Stop and stare (as if you didn’t already). The best in German engineering is at your front door. Or rather, your computer screen. LEICHT Kitchens, leaders and innovators in kitchen design provide this Cambridge home the set-up of it’s dreams. Divine Design worked with LEICHT in providing understated luxury with timeless appeal. The LEICHT cabinetry is a textured oak with horizontal graining. But, foremost these built-ins’ are finish with palatial esteem. The rich, opulent black stain on the quality oak mixes undividedly. Hence, the stain and oak provide iambic pleasures, and robust textures unfounded in the average cabinet.
Other modern treasures found in this and the typical LEICHT kitchen are motion-censored interior, under-cabinet lights, activated with the simple act of an open or pull.
We’re sure you may be wondering…where are the handles, pulls and knobs. How can we activate the interior lights, in the middle of the night, when we’re looking for the spoon to use for our midnight ice cream (shh)? How? How? How?
It’s simple; press gently on the front of the cabinet (only one finger required), and like magic, or genius engineering really, the drawer, or door opens out. Press a small button, and it automatically will close too. Additionally, certain components of the kitchen, like the dishwasher, require a knock, knock, knock…and open sesame…or a parting of the red sea.
When designing a “modern” or “contemporary” kitchen, one fundamental challenge is always in maintaining a clean, or minimal look. While traditional, or even transitional styles of design play off of mouldings, decorative nuances, or the ability to “accesorize”, the modern style simply just doesn’t accommodate any of that. Consequently, the modern design industry has had to take things into their own hands. From built-ins, to hands-free doors, to the most glaring issue of them all…what about kitchen OUTLETS?
Let’s be honest, outlets for the most part are ugly. Not only are they ugly, but they are clunky too. And to make matters even worse, building codes require a specific number of them, in specific places throughout the home, and yes the kitchen. This includes the kitchen island. And, no, we’re not allowed to hide them under the overhang so that no one can see them. That’s just, well, “not up to code”.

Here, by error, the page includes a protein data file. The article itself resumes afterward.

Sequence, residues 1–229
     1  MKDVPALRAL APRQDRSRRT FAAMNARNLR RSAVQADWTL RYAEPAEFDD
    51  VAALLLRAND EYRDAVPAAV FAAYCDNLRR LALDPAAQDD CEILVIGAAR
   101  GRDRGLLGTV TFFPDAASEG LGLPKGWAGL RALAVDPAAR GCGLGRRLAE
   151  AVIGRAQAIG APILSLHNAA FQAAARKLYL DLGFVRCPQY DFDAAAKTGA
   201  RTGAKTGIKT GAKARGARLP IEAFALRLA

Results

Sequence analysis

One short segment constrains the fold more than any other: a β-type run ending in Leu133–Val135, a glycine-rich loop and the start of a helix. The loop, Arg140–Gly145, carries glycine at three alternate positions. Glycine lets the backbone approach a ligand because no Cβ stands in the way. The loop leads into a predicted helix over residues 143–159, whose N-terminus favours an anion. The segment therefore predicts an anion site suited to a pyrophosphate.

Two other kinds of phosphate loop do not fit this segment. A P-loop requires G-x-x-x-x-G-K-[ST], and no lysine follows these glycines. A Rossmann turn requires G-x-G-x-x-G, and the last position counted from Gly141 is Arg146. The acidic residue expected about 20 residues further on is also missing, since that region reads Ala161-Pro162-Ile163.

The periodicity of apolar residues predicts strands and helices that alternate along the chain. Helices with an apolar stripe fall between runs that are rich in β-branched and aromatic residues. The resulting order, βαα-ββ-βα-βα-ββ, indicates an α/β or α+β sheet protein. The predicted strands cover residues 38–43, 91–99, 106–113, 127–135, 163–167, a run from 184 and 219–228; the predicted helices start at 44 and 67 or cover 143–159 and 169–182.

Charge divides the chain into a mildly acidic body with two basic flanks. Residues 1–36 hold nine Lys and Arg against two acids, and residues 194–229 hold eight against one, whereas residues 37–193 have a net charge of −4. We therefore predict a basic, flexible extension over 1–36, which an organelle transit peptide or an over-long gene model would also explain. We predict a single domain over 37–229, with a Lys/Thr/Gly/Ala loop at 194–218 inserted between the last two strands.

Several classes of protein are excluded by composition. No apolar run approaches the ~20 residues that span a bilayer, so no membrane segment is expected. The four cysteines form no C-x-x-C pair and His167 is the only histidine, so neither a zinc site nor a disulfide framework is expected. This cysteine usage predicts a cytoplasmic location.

So, where do we go from here?
Well, Doug Mockett and Company, INC, i.e. Mockett came up with the perfect solution for the kitchen island conundrum. Enter the POP-UP KITCHEN POWER GROMMET. This modern outlet provides seamless aesthetics with proven functionality. Thus, not only are design squabbles squashed in this modern Cambridge, MA renovation, but thanks to likes of Mockett and some, the integrity of modern design is maintained even in the kitchen.
It’s not often that clients in the New England area opt for black in their future schematics. Tradition, understandably, is like an old dog. Not many attempt new tricks. So, why break the golden rule if it’s not already broken? Hundred-year old colonials in the Boston area tend to beg for a brighter, new life when in renovation. The colonies did a lot for America, but floor planning was not their strong point. So, when offered the chance to breathe new breath into a closed-off kitchen, the fool-proof choice is white, white and more white. And, that always works. And, that always looks nice. And, retrospectively, white has reigned as king. But, perhaps a fallacy has come to surface. For, fear of “claustrophobic” qualities leads many designers awry. However, the clients of this Cambridge abode wanted to try something different from the rest. They wanted the polar opposite of the design trend. They wanted black.
And, we wouldn’t be the designers we pride ourselves on being, if we didn’t take a leap? Thus, Divine Design + Build and Divine Design Center put their heads together and delivered the best in modern kitchens…and the most surprising. While white, naturally, plays it’s role in this kitchen renovation, it’s really a supporting actor (or actress). The juxtaposition of the two polar hues create depth and atmosphere, while the floor-to-ceiling black, oak built-in’s lead any on-looker’s eyes to a visual awe.
The careful selection of white to black is evident in the designer’s selection of a pale, concrete Caesarstone island counter top. The white aspect from the kitchen’s island creates an air of open, forward movement. However, the black accented cabinetry at the base, and the black range hood provide grounding, robust elements to the overall space. Similarly, Divine’s opt for stainless steel appliance from Sub Zero and Miele provide shine and texture that break up the space, while also adding a sense of depth not dissimilar to a hanging mirror in a small room.
Ultimately, the owners of this Cambridge colonial were left with not just a black kitchen, but a magical one too.
"Mariette, just wanted to let you know how happy Rick and I are with our new kitchen. We enjoyed working with you and your team. We love the design. It met all our expectations."
- J.D. Wellesley, MA